American National Property & Casualty v. Checketts et al, No. 2:2011cv00250 - Document 39 (D. Utah 2016)

Court Description: MEMORANDUM DECISION AND ORDER - Plaintiffs Motion for Summary Judgment 13 is granted. Counsel for Plaintiff to prepare and submit a suggested form of Judgment within 10 days. Signed by Judge Bruce S. Jenkins on 3/25/2016. (las)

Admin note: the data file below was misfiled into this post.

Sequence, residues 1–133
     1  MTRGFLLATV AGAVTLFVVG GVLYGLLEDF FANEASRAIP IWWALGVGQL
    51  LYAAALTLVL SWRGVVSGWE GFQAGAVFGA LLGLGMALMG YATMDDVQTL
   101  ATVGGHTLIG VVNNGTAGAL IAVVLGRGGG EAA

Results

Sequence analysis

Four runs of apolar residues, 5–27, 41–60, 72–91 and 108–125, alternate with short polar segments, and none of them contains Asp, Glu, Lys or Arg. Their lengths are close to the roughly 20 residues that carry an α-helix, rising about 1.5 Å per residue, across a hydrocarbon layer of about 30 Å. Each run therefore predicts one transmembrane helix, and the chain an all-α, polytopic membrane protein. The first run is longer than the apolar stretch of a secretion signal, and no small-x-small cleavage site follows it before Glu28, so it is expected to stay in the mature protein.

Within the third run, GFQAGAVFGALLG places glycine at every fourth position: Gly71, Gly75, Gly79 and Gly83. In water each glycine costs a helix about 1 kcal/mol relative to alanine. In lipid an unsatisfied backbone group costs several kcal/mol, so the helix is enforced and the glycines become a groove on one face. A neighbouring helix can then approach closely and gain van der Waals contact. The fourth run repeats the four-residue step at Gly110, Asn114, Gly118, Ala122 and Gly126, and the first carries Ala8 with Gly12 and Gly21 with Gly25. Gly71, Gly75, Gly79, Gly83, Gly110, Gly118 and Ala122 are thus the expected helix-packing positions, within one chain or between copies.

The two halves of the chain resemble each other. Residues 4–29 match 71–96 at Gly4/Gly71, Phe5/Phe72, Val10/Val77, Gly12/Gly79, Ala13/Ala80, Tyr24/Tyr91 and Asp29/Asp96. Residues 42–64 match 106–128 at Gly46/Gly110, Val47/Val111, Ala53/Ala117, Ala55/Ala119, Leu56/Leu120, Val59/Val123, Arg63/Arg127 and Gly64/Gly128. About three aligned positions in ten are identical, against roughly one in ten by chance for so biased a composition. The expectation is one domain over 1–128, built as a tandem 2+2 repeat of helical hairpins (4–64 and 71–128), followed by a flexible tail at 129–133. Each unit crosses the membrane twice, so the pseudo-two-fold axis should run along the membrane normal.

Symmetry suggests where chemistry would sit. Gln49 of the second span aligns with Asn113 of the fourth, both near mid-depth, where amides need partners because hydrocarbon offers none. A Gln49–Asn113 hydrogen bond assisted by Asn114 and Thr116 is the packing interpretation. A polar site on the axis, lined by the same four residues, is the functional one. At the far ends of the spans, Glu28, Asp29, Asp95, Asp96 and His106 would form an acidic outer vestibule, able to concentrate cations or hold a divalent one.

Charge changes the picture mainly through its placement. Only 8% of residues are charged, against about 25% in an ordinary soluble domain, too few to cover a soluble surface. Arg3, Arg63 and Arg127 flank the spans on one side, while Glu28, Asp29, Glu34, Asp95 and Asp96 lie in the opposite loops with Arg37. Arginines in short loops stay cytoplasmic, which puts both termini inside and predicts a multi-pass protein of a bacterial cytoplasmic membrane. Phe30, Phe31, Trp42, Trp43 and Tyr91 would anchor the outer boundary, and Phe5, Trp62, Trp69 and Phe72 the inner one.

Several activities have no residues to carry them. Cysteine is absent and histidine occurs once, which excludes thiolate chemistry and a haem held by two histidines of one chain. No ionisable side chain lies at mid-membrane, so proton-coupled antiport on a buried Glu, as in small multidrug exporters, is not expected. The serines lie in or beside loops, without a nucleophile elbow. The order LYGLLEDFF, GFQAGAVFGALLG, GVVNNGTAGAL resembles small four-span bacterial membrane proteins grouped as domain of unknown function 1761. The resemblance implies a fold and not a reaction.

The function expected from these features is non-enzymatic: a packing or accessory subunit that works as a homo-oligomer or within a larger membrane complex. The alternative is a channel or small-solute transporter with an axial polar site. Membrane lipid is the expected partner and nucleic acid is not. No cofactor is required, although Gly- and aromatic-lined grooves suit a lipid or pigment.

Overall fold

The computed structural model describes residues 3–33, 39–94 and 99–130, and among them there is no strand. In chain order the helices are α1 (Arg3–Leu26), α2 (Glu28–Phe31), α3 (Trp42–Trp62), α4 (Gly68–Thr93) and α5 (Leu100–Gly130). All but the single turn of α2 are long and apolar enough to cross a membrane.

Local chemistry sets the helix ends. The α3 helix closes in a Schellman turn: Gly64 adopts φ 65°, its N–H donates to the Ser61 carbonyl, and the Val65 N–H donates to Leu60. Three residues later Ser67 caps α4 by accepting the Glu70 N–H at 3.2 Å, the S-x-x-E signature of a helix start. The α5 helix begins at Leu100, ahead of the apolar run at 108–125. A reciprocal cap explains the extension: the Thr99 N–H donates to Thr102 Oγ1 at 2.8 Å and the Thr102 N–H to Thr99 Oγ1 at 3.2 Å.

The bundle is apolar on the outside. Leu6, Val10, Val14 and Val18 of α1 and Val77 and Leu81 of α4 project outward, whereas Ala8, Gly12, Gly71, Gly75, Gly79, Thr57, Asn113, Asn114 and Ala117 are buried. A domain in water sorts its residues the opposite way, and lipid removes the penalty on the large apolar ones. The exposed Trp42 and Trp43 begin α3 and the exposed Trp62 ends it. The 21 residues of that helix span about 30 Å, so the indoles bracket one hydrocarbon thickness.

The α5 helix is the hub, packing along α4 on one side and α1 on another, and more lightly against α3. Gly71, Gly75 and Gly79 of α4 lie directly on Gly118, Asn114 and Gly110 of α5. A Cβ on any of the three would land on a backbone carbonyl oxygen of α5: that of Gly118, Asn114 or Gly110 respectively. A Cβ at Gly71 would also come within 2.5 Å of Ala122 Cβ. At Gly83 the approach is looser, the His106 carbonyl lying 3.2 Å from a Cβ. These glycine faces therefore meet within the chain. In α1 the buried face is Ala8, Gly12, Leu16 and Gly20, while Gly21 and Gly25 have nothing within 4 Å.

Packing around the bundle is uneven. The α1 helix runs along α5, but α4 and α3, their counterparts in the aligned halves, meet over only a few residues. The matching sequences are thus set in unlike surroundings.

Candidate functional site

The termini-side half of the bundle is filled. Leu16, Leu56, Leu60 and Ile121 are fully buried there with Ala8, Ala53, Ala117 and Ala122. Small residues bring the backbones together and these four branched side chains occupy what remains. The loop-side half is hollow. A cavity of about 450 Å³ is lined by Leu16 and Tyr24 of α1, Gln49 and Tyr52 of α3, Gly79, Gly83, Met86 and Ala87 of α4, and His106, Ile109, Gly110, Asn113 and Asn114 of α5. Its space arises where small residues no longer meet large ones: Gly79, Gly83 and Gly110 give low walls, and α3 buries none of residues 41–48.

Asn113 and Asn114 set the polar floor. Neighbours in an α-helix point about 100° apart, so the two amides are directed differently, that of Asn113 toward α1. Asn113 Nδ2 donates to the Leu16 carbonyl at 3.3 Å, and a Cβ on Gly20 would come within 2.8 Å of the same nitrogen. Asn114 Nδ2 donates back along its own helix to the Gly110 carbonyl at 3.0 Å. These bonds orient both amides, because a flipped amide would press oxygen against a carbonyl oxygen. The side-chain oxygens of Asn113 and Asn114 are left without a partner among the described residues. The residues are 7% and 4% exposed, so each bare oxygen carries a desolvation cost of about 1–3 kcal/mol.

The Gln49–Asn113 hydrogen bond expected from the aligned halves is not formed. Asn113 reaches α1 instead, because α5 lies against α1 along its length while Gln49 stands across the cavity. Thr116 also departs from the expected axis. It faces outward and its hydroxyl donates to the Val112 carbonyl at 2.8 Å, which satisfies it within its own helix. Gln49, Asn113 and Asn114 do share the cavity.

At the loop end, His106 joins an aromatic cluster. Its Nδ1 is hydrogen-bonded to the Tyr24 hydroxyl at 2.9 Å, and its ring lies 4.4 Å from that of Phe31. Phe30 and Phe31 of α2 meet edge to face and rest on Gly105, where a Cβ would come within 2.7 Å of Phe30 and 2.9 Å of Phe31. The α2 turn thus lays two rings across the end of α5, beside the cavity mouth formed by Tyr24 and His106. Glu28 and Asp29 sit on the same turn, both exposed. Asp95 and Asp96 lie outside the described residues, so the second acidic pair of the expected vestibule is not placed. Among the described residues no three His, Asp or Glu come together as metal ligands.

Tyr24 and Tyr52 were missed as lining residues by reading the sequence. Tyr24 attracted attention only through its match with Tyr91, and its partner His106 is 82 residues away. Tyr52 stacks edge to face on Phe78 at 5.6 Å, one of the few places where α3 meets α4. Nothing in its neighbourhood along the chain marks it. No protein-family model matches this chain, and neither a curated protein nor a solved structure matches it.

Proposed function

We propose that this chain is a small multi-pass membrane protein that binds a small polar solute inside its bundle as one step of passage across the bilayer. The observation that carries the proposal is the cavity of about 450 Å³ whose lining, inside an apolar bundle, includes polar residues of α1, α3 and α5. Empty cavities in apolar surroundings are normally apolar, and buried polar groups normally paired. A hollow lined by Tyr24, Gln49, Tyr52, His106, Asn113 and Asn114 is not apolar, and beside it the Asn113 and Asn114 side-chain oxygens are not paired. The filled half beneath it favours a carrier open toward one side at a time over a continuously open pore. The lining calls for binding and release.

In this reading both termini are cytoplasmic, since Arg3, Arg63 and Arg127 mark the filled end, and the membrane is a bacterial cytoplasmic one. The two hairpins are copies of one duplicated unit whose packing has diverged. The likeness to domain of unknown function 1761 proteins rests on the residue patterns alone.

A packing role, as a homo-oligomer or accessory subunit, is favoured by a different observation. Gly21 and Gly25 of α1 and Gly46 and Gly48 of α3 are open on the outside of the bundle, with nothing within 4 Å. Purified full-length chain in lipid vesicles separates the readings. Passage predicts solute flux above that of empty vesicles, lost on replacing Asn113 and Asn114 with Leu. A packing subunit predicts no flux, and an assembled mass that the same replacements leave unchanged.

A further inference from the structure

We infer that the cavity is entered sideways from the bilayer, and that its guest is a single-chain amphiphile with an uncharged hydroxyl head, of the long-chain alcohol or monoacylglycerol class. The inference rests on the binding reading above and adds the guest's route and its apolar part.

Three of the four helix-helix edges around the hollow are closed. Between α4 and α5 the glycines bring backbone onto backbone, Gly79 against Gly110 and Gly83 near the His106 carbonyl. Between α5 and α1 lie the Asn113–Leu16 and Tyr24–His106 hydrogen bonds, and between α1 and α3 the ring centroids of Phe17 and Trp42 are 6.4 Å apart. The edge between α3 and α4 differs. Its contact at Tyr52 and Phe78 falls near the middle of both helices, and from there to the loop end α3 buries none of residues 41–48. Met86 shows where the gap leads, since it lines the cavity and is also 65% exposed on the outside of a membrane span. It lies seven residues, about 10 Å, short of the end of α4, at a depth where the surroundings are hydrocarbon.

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American National Property & Casualty v. Checketts et al Doc. 39 FILED 2016 MAR 25 AM 11:21 CLERK U.S. DISTRICT COURT IN THE UNITED STATES DISTRICT COURT FOR THE DISTRICT OF UTAH, CENTRAL DIVISION AMERICAN NATIONAL PROPERTY AND CASUALTY COMPANY, MEMORANDUM OPINION AND ORDER Plaintiff, v. CHRIS CHECKETTS and SANDRA CHECKETTS, Case No. 2:1 l-CV-00250-BSJ Defendants. Judge Bruce S. Jenkins This case came before the court for hearing on June 5, 2014. The Tenth Circuit Court of Appeals has reversed and remanded Am. Nat. Prop. & Cas. Co. v. Checketts, No. 2:1 l-CV-250 BSJ, 2012 WL 1835866 (D. Utah May 21, 2012), 1 and instructed this court "to reconsider its decision in light of Utah's revised [Underinsured Motorist (UIM) statute, Utah Code Ann. § 3 lA-22-305.3 (2012)]." 2 A. Joseph Sano and Peter H. Barlow appeared on behalf of Plaintiff American National Property and Casualty Company ("ANP AC"). Daren G. Mortenson appeared on behalf of Defendants Chris Checketts and Sandra Checketts,( collectively the "Checketts"). The parties had filed competing briefs as to what remained for decision. 1 Am. Nat. Prop. & Gas. Co. v. Checketts, No. 2:1 l-CV-250 BSJ, 2012 WL 1835866 (D. Utah May 21, 2012) rev'd and remanded sub nom. Am. Nat. Prop. & Gas. v. Checketts, 528 F. App'x 851 (10th Cir. 2013). 2 "The issue on appeal is whether the district court failed to properly consider Utah's revised IBM statute, Utah Code Ann. § 3 lA-22-305.3 (2012), which became effective while the parties' cross-motions for summary judgment were pending. Exercising jurisdiction under 28 U.S.C. § 1291, we reverse and remand with instructions for the district court to reconsider its decision in light of Utah's revised statute." Am. Nat. Prop. & Gas. v. Checketts, 528 F. App'x 851, 851 (10th Cir. 2013). 1 Dockets.Justia.com BACKGROUND On September 6, 1996, the Checketts applied for automobile insurance with ANPAC. 3 At that time, the Checketts rejected Dnderinsured Motorist Bodily Injury Coverage (referred to as "DIMBI" or "DIM") coverage. 4 While insured by ANP AC, the Checketts added and removed various vehicles to their policy as well as put their daughter, Alisha, on the insurance as an additional driver on March 6, 2006. 5 Due to these changes, the premiums paid by the Checketts varied, sometimes significantly, over the years. 6 On June 18, 2007, Sandra Checketts and her son Jake were involved in an automobile accident. 7 Sandra and Jake settled their claims for personal injuries and damages against the other driver, Michael Hedden, for the .limits of his liability policy. 8 The Checketts also made a demand for UIM benefits with ANPAC $100,000 for Jake's injures and $100,000 for Sandra's injures. 9 The Checketts allege that they are entitled to a combined total $200,000 ($100,000 each) in UIM benefits on the basis that the rejection of such coverage is invalid and unenforceable because ANP AC did not make the required DIM notifications and obtain the appropriate waiver ofUIM coverage in light of Utah Code Ann.§ 31A-22-305 (Supp. 2001) ("2000 UIM statute"). 10 The Checketts assert that because the rejection of UIM coverage is invalid and unenforceable, they are entitled to UIM coverage in an amount equal to ANP AC policy's per person liability limit $100,000 because of the absence of new notice. 11 3 See Def.'s Post-Appeal Br., filed Sept. 9, 2013 (CM/ECF No. 32), at ex. A. Id. 5 Id. 6 Id. 7 Id. 8 Id. 9 Id. io Id. 11 Id. 4 2 ANPAC denied the Checketts' claim for UIM benefits and filed a declaratory relief action in this court seeking a judicial detem1ination conceming the validity of the Checketts' rejection of UIM coverage on March 16, 2011. 12 While this case was being decided before this court, two important pieces oflaw relevant to this case were promulgated: Iverson v. State Farm Mutual Insurance Company, 2011UT34, 256 P.3d 222 (Utah 2011) and amendments to Utah Code Ann.§ 31A-22-305.3(3)(b) (2012) (effective May 8, 2012) ("2012 UIM statute"). In Iverson, the Utah Supreme Court held that Utah Code Ann. § 3 lA-22-305 (Supp. 2001) ("2000 UIM statute") was ambiguous in its meaning of"new policy" and thus it was appropriate for courts to "tum to other interpretative tools to assign meaning to this tenn." 13 Using legislative history and policy considerations, the Utah Supreme Court found that the 2000 UIM statute contained "a broader definition of 'new policy' that include[ d] not only new contractual relationships but also material changes to an existing policy that alter the risk relationship between the insurer and the insured." 14 The Utah Supreme Court essentially engaged in a materiality test whereby the totality of the circumstances was examined in order to determine whether changes to an insurance policy were material enough to "meaningfully alter the risk relationship between the insurer and the insured." 15 In the event that changes satisfied the materiality analysis, it was deemed permissible for a court to determine that a "new policy" had been established and apply the 2000 UIM statute accordingly. In addition to Iverson, another development relevant to this case occurred. The Utah Legislature made amendments to the 2000 UIM statute that became effective May 8, 2012. Id. Iverson v. State Farm Mut. Ins. Co., 2011UT34, at iJ 15, 256 P.3d 222, 226. 14 Id. 15 Id. at 227. 16 See supra note 3. 12 13 3 16 The changes to the 2000 UIM statute specifically defined "new policy," cleared up State ambiguities, and expressly identified that definition to be retroactive. Taking these significant changes into account, on May 21, 2012 the district court issued its ruling, granting in part and denying in part both parties' motions for summary judgment. 17 The court rejected the Checketts argument that ANPAC had failed to comply with the notification requirements under the 2000 amendment to Utah's 2000 UIM statute because the Checketts had, in writing, rejected UIM coverage in its entirety. 18 Also, the court found that ANP AC was under no duty to provide additional UIM infonnation with the first two renewal notices after January 1, 2001 because the Checketts had rejected UIM coverage in its entirety and thus, Utah Code Ann. § 31A-22-305(9)(g) did not apply to the Checketts. 19 However, the court accepted the Checketts' new argument that under Iverson, the addition of their teenage daughter, Alisha, to their policy as well as other factors, such as adding several vehicles to the policy, "meaningfully altered the risk relationship" between ANP AC and the Checketts such that a "new policy" was created, requiring ANPAC to issue a new notice and obtain a new waiver. 20 ANP AC appealed the decision to the Tenth Circuit Court of Appeals 21 and on June 26, 2013, that court reversed the decision of the district court. The Tenth Circuit Court of Appeals characterized the district court's judgment as holding that the Checketts' oldest daughter, Alisha, had been added as a new "named insured" and pointed out that was not so. She, according to the Tenth Circuit Court of Appeals, was added as a new driver. Such did not add a named insured to their policy. The Tenth Circuit Court of Appeals reversed this court's decision which had granted the Checketts partial summary judgment and remanded the case for further consideration, with 17 See Mem. Op. & Ordered, filed May 21 (CM/ECF No. 21), at 21. Supra note 17 at 12. 19 See supra note 1 at 4. 20 See supra note 17 at 19. 21 See Notice of Appeal, filed June 21, 2012 (CM/ECF No. 23). 18 4 directions that this court specifically "reconsider its decision in light of Utah's revised [Underinsured Motorist (UIM) statute, Utah Code Ann.§ 31A-22-305.3 (2012)]."22 DISCUSSION Implicit in the determination by the Court of Appeals that adding Alisha as a new driver to the policy of the Checketts did not add her as a named insured. It appears no new policy was created under the old statue as construed which required new notice. It appears to this court that such a determination obviates the necessity of considering in depth the application of the 2012 legislation. In short, if no notice is required under the old statute as construed, then it is unnecessary to be concerned with the new statute. Absent a new policy, the early rejection by the Checketts of uninsured or under insured coverage remains extant. While the new legislation purports to clarify definitions and legislative intent, upon further consideration, one need not be concerned with the statute, retroactive or not, constitutional or not, claim filed timely or not, because the absence of a new policy leaves the old notice in place and the old rejection in place. In passing, the new statute clarifies and fortifies legislative intent. Thus, for the above reasons, Plaintiffs Motion for Summary Judgment [CM/ECF No. 13] is GRANTED. Counsel for Plaintiff to prepare and submit a suggested form of Judgment within 10 days. .,.,.v- so ORDERED this :J.f' .day of March, 2016. (\ udge 22 Id. at 851. 5